The first time we did Steely Dan, we surprised even ourselves. It kind of made us realize that absolutely anything was suddenly possible. Marvin Gaye gave me the best appreciation for the deconstruction/reconstruction nature of the project, because it took 15 or 16 people to re-create the deceptively simple Motown sound. Stevie Wonder with a huge band was a joy and an absolute party. The Replacements holds a place in my heart, because we were properly gritty, sloppy, and a little drunk, but nailed the stuff we had to nail in that great music. Queen last month at The Vic, with 1100 people singing along to “Bohemian Rhapsody”, is a beautiful memory right now. Those are the first 5 that popped into my head…there are many others.

6.0 – Did your confidence in your voice as a singer lead to your career in radio in any way? 

Interesting. No..they’ve always been concurrent careers, one sometimes jumping ahead of the other. My dad was a sports guy, mom a music teacher and opera singer. My brother 10 years older is a musician; my brother 9 years older was a baseball player and sports fan. I’ve always been consumed by both, and done both. College was full of both. They inform each other far more than you might expect. Team and locker room concepts inform band situations. Musical narrative/lyrical concepts show up in game theories and radio production. There’s probably a book in there.

7.0 – As the resident rocker at The Score you have contributed many musical spoofs & bits, any personal favorites?

‘The 12 days of Bearsmas’ was a lucky and fun concept. We tried it last year too, and may this year, but it’s better when the Bears are terrible. 7 false starts, 6 prime time losses, 5 Cutler picks, etc. ‘The Hossa’ song to the Kink’s “Lola” became a Blackhawks favorite, sometimes played on the ice for their afternoon skate, and put on jukeboxes at sports bars in town. That’s pretty cool. Truly, I’m proud of the music you hear on our show in production, and as bumpers coming out of opens and back from commercials. The producers have good, varied tastes, in addition to stuff that Mac and I like. I have no doubt that you hear the most interesting, eclectic mix of music on our show that big city talk radio has ever seen.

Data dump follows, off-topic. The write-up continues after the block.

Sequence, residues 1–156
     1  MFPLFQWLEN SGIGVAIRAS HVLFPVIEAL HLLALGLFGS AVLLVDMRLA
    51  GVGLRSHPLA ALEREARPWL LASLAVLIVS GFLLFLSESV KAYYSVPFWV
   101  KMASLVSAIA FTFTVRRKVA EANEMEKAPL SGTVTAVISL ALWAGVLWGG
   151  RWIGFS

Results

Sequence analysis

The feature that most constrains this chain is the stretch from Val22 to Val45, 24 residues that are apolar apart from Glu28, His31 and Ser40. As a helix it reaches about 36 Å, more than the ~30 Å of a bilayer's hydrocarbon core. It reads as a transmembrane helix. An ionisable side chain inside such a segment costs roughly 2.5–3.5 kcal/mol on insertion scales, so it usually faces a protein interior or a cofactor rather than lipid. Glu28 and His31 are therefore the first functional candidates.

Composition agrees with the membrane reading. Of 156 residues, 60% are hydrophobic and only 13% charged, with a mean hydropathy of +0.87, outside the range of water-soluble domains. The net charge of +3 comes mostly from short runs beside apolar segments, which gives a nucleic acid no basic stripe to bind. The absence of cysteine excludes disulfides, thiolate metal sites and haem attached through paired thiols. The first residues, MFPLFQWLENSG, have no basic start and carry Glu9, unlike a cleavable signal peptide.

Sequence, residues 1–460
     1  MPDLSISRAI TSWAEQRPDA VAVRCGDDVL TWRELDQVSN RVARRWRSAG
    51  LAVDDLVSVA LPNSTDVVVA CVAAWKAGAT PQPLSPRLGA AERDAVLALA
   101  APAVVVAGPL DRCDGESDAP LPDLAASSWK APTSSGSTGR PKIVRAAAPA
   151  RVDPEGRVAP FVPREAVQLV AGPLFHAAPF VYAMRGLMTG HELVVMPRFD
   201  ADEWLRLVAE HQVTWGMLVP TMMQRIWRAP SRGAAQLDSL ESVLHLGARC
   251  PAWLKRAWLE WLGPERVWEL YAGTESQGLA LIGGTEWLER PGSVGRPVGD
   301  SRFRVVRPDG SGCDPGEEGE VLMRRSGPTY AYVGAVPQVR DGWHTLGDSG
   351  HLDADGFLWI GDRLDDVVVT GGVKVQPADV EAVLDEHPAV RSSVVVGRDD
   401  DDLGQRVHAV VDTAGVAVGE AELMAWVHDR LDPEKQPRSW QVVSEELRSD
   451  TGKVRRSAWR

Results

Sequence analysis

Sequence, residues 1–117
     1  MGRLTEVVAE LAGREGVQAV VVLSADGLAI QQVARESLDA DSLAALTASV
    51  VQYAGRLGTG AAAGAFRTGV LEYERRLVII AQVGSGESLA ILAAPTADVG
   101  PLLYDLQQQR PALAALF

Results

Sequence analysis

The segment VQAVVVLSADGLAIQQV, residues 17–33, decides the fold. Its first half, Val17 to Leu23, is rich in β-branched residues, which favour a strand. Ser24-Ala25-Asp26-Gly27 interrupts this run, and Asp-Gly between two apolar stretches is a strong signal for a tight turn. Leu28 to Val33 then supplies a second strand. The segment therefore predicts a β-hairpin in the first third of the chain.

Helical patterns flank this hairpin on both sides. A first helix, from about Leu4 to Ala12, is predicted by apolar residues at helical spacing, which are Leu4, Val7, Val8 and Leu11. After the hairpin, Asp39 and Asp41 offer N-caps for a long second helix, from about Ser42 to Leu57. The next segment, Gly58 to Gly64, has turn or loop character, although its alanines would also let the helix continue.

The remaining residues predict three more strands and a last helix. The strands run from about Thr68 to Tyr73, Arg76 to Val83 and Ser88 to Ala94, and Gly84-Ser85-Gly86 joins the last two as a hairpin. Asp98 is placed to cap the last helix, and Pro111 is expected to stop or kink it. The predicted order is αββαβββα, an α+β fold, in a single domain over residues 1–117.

8.0 – Musically speaking, where does the road part for you and Danny Mac?

Um, in about 1986 I think. The man loves his 70’s, and a touch of his skinny tie 80’s period. So I kind of have anything after that covered. In the vintages we do share, I go into soul and funk more than him. I like punk and new wave more than him. But I dig much of his taste, even if it’s a bit narrow. He loves the Stones, ACDC, Zeppelin, Alice Cooper. And he seriously LOVES it. You have to respect when someone is as passionate about it as he is. Plus, like so much with him, he’ll surprise you when you least expect it, and quote a lyric from Pete Townsend’s Empty Glass or XTC’s Black Sea. He turned me on to Todd Rundgren. As long as he doesn’t veer into UFO and Nazareth too much, we’re cool.